The Super and Tehy health unions have firmly rejected the settlement proposed by the conciliation committee in the current dispute in local government and health. Meanwhile, the JHL and Jyty municipal services union have endorsed the proposal. The health unions argue that the pay increases on offer are inadequate and simply don’t address the urgent staffing problems in health and social care. The unions are now considering a mass resignation to put pressure on health employers to negotiate a better deal. For local government workers, the three-year pay deal should deliver pay increases of 1.9%
The SIPTU, Fórsa and INMO trade unions organised a joint national demonstration in Dublin on 3 May to highlight the need for better pay and proper respect for workers in the non-profit community and health services (Section 39) sector. More than 400 protesters attended the rally. The sector provides many services equivalent to those provided directly by the public sector and the unions want to see the implementation of a fair funding model that will address the pay and conditions of all workers in the sector and disparities with the public sector. The unions are launching a national campaign
Public and private sector health trade unions – younion, GÖD, vida and GPA – are continuing their “health offensive” campaign with rallies across the country on 12 May. The unions, supported by the ÖGB trade union confederation, chamber of workers and Vienna chamber of doctors are calling for major reforms of the health system and urgent measures to improve pay and conditions. The unions argue that better pay and conditions are essential to tackle the staffing shortages that are posing a threat to services and are creating excessive workloads for health workers.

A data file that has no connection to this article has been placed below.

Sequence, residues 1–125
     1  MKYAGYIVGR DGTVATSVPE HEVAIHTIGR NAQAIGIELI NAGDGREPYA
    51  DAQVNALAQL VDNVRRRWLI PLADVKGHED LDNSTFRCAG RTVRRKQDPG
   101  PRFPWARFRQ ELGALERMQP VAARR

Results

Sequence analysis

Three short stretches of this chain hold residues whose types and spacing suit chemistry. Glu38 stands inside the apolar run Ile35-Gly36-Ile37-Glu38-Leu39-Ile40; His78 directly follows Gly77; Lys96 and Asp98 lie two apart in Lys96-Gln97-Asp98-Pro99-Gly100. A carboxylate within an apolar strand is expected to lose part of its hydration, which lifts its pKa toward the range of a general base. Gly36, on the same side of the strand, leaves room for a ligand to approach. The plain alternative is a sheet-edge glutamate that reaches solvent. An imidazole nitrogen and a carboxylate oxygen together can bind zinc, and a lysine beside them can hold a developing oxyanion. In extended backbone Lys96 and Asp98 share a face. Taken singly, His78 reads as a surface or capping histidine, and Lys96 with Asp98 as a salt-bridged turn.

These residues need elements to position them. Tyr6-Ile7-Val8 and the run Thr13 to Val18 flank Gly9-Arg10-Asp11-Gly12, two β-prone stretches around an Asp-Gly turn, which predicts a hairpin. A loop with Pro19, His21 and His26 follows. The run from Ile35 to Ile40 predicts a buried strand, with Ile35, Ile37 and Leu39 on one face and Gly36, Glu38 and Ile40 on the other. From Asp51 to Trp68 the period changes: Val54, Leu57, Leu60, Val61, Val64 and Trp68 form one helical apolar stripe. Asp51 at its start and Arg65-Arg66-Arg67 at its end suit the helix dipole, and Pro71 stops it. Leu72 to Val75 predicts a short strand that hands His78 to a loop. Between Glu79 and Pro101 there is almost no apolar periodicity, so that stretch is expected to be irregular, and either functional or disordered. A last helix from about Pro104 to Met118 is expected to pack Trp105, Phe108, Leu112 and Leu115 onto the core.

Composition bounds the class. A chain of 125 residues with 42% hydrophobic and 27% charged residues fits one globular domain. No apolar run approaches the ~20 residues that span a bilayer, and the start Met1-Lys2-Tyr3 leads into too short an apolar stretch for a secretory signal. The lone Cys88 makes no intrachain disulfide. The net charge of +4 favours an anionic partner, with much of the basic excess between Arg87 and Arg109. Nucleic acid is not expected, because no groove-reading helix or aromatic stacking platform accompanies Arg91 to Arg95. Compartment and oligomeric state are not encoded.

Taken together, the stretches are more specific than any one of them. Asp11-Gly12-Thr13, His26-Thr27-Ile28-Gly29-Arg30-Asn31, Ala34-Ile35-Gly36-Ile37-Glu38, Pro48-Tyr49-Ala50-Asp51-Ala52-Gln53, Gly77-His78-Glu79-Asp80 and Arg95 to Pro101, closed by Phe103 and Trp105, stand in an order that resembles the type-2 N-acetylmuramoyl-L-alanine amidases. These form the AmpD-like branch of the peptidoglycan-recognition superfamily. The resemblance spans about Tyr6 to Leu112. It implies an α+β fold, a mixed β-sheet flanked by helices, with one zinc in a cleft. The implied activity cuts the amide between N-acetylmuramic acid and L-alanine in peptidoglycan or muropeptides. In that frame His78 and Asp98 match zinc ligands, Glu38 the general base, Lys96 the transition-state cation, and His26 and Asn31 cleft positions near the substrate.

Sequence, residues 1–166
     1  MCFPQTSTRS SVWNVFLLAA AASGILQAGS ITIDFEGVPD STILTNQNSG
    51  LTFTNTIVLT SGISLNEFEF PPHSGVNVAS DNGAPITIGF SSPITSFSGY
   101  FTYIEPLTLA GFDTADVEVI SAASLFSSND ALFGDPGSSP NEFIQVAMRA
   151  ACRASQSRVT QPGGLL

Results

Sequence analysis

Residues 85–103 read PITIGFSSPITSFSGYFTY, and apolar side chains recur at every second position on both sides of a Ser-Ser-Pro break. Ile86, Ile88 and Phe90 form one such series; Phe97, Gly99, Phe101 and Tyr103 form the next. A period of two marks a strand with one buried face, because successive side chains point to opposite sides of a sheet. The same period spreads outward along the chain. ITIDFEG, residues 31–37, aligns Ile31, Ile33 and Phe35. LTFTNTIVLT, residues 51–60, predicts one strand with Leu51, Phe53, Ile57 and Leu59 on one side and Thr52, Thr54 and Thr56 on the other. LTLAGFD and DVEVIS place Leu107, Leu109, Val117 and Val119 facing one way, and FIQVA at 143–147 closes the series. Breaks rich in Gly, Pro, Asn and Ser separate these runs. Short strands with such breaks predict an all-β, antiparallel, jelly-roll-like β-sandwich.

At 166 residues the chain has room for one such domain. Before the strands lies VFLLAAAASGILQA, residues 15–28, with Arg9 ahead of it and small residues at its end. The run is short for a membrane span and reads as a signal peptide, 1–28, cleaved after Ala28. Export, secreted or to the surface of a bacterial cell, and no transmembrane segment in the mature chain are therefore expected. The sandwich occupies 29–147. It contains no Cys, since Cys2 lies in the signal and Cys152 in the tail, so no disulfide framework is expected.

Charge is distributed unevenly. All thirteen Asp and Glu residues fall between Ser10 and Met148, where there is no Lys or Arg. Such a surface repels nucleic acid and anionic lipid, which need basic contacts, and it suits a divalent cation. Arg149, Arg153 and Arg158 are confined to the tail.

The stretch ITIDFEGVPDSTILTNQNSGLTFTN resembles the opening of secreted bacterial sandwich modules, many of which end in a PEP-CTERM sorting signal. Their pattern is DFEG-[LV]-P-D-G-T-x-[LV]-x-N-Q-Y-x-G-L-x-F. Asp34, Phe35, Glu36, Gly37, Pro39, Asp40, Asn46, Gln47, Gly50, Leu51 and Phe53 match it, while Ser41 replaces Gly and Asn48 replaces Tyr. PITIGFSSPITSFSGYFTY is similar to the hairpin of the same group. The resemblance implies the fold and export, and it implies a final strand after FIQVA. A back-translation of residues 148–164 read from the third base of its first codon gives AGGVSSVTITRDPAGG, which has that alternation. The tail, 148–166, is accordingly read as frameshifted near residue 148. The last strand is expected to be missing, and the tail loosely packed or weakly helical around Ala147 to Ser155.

The Federation of Health Unions (CITUB) and Medical Federation (Podkrepa) have signed a new collective agreement with the ministry of health that will run until April 2024. There are substantial pay increases on monthly salaries for doctors and nurses which both the trade unions and government hope will attract new workers to the sector and encourage them to remain in the country. Doctors will get an increase of BGN 800 (€400) with BGN 550 (€280) for health professionals and BGN 200 (€100) for nurses. Minimum salaries will now be BGN 1900 (€970) for specialist doctors, BGN 1500 (€765) for
Mediation continues to try to resolve the dispute in the municipal sector where unions JHL and Jyty have planned for more strike action from 3 May if mediation fails to deliver a positive result. As of 28 April, the chair of the conciliation committee said that the two side were still far apart on pay and pay development. Meanwhile the SuPer and Tehy health unions cancelled planned strike action that was due to take place from 20 April, although they are continuing their work-to-rule. The two unions say that they were left with no alternative when the government threatened to introduce
On Wednesday 20th April workers’ representatives from the French Multinational ORPEA, affiliated to the European Public Service Union met to discuss the outcome of the first meeting of the European Works Council that has been recently established.
The Tehy and SuPer nurses’ unions have confirmed the dates for the second period of industrial action following the first set of strikes launched on 1 April. The next stage will begin on 20 April and end on 4 May and will affect specialised medical care in 13 hospital districts, with approximately 35,000 nurses on strike. The postponement is to allow the Conciliation Committee sufficient time for mediation. The severe shortage of nurses in areas like elderly care means that this sector will be excluded from the strike as the unions point out that the staffing levels regulated by law are often
The DSR nurses’ union reports on the findings of a new survey by the Danish Nursing Council (DNC) that exposes the impact of staff shortages on services. The findings reveal that virtually all respondents (97%) said that they had experienced too few nurses at work in the past month, with 82% of these saying it had impaired patient safety. The DNC study says that the shortage of nurses has several consequences, including the closure of beds and a negative impact on patients' conditions. About a third had experienced patients being sent home or transferred before it was professionally sound.